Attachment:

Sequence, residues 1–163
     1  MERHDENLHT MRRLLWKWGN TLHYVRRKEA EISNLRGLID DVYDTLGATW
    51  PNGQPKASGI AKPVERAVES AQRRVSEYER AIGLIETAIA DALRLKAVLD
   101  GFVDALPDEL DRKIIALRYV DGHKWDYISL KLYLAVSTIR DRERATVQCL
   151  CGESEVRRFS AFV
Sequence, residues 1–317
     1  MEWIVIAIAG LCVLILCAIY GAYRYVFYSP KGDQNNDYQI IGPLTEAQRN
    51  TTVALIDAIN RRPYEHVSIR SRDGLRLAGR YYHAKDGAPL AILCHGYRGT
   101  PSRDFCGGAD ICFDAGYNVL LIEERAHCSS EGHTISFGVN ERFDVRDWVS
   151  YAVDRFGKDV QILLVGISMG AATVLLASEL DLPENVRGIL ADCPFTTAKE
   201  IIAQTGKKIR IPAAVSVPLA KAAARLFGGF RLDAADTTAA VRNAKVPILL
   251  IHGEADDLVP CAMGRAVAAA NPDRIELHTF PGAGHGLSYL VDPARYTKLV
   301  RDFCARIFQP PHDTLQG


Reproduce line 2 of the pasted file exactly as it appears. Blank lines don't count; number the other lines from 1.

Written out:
     1  MERHDENLHT MRRLLWKWGN TLHYVRRKEA EISNLRGLID DVYDTLGATW